Breed history and formal recognition of the Biewer terrier

Breed history and formal recognition of the Biewer terrier

Breed Facts

The Biewer terrier is an offshoot of the Yorkshire terrier dog, which was produced when two Yorkshire terriers that both possessed the recessive gene for piebald colouration were bred, which resulted in the creation of the first recorded piebald Yorkshire terrier puppy in 1984.

The Biewer’s name comes from the first breeders of the dog, Mr and Mrs Werner Biewer, who produced the first 1984 puppy in Germany. The appearance of the piebald puppy, while not conforming to the Yorkshire terrier breed standard itself, was considered to be attractive and desirable and so the Biewers continued to selectively breed to produce more dogs of the type over the coming years.

Initially known as the Yorkshire terrier a la Pom Pon, the breed became recognised by the American Canine Hybrid Club in 1989, when the set breed standard for the breed also became established. Mr. Biewer himself died in 1997, after which interest in the formative breed dropped off somewhat, but by 2003 the Biewer began being imported and bred in significant numbers in the USA, where interest in the type remains strong.

Current breeding efforts and genetic background

Because the colouration of the Biewer is caused by a recessive gene anomaly that can only be produced when two parent dogs who possess the gene are bred, there is some way to go towards establishing the Biewer as a breed in its own right. As a piebald colouration such as caused by the genetic anomaly is not one of the accepted coat colours for the Yorkshire terrier, there is some controversy over the concept of deliberately breeding the Biewer, and particularly, breeding the Biewer back to standard Yorkshire terriers, as doing so will dilute the true Yorkshire terrier breed lines.

Due to the small numbers of Biewer dogs worldwide, and particularly compared to the much more common Yorkshire terrier, the breed is recognised as and classed as a hybrid dog breed, as Yorkshire terrier input is still required in order to continue to produce Biewers and keep the Biewer viable.

In terms of the crossings and genetics required to produce a piebald, or Biewer puppy, the following table is used to ascertain the colour outcome for any breeding:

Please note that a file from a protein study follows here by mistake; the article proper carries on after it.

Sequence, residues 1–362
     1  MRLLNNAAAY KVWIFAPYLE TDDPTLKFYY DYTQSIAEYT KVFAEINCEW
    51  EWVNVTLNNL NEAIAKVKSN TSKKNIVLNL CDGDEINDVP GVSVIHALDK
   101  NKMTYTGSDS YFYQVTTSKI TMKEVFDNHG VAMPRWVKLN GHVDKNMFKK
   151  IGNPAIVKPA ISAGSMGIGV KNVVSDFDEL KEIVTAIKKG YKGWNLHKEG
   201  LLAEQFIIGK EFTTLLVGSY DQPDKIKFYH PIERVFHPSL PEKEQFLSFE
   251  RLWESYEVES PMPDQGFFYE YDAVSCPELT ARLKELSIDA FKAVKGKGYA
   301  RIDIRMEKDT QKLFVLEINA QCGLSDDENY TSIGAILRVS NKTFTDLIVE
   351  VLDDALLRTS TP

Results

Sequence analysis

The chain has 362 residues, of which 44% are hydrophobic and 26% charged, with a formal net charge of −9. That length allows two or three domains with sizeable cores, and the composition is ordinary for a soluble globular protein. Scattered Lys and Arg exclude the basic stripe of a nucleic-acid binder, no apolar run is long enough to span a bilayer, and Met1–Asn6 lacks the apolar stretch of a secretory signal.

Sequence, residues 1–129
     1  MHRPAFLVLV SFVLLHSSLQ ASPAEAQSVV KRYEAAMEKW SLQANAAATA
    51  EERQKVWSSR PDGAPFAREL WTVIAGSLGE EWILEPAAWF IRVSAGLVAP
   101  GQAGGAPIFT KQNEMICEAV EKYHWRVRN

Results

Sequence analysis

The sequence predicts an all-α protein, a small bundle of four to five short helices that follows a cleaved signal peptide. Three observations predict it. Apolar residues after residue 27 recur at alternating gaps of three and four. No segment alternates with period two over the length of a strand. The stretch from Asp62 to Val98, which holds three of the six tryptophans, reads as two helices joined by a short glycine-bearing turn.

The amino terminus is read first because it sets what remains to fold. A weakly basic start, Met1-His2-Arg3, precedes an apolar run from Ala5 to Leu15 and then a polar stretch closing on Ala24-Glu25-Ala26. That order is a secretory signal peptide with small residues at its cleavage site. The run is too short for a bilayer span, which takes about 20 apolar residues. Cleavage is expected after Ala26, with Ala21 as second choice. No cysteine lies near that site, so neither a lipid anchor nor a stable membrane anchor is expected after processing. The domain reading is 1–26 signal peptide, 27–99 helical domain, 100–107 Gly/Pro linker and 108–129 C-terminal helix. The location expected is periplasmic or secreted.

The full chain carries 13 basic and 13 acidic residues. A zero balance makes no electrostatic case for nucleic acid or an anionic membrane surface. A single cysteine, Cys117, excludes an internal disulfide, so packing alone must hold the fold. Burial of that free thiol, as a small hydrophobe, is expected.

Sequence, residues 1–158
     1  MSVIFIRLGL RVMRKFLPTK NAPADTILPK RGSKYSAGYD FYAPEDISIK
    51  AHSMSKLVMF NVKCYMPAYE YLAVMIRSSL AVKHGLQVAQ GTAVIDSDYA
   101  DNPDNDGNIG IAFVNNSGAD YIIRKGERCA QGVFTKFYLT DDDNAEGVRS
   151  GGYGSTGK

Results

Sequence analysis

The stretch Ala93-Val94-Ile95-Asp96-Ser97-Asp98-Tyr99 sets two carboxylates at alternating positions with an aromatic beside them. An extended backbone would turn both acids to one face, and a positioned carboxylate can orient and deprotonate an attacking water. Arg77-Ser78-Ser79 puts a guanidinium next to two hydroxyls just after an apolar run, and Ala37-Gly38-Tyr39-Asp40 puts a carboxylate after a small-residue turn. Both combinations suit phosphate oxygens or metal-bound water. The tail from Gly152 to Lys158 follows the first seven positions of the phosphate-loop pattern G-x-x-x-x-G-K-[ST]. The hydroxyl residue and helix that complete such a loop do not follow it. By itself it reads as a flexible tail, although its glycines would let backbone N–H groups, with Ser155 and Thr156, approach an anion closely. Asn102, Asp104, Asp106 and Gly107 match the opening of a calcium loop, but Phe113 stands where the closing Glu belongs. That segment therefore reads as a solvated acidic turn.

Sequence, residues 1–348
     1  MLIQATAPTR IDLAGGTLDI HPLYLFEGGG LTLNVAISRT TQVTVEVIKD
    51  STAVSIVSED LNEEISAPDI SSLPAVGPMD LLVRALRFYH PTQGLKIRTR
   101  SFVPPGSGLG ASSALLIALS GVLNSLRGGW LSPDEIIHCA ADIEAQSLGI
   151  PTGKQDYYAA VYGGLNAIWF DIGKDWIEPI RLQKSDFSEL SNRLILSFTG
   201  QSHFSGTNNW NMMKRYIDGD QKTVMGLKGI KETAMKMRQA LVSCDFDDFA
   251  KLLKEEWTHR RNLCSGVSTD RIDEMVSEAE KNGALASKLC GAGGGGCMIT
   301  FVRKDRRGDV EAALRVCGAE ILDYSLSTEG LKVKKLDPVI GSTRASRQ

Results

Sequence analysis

If a Yorkshire terrier without the piebald gene is bred to another Yorkie without the piebald gene, the puppies will have standard Yorkshire terrier colouration.

If a Yorkshire terrier without the piebald gene is bred to a Yorkie with the piebald gene, the puppies will have standard Yorkshire terrier colouration.

If a Yorkshire terrier with the piebald gene is bred to another Yorkie with the gene, or to a Biewer, the puppies will be a mixture of piebald and standard Yorkie colourways. The same is true if a Yorkie-coloured dog from a litter of mixed puppies is bred to a Biewer.

If two Biewers are bred, the puppies will be piebald.

The Biewer appearance

The Biewer shares most of their physical traits with the Yorkshire terrier, as you might expect from a dog that is solely descended from the Yorkie. They can come in various sizes from teacup upwards, although the Biewer breed associations have worked hard to create a uniform standard for the Biewer, distinct from the Yorkshire terrier.

Ideally, the Biewer should be around 8” tall at the withers, and weigh around 3kg. The coat as a whole should be long and silky, and display a uniform piebald patterning, with an equal mixture of the black or blue and the white, and neither colour being obviously dominant. The ideal colour and pattern distribution for the Biewer should display white hair on the belly, legs and chest, and the head should be blue, gold and white, with a disruptive pattern of blue or black on the body and trunk.

They should not have an undercoat, and the fur itself should be silky and smooth to the touch, and not wiry or harsh.

Formal recognition

Due to its relatively recent development and foundations, the Biewer terrier is not recognised as a breed in its own right by either the UK Kennel Club, the American Kennel Club, or any of the other large national breed registries. The Biewer is generally considered to be a genetic anomaly of the Yorkshire terrier breed, but due to its increasing popularity, the Biewer may become recognised as a breed in its own right more widely in the future.

The breed is already recognised by the American Canine Hybrid Club, and the American Rare Breed Association. While the dog originated in Germany, they cans be found in the greatest numbers within the USA, where the strongest efforts to promote the breed and gain their formal recognition are being made. Within the UK, the Biewer is still widely unknown, but they are nevertheless considered to be desirable and attractive little dogs!



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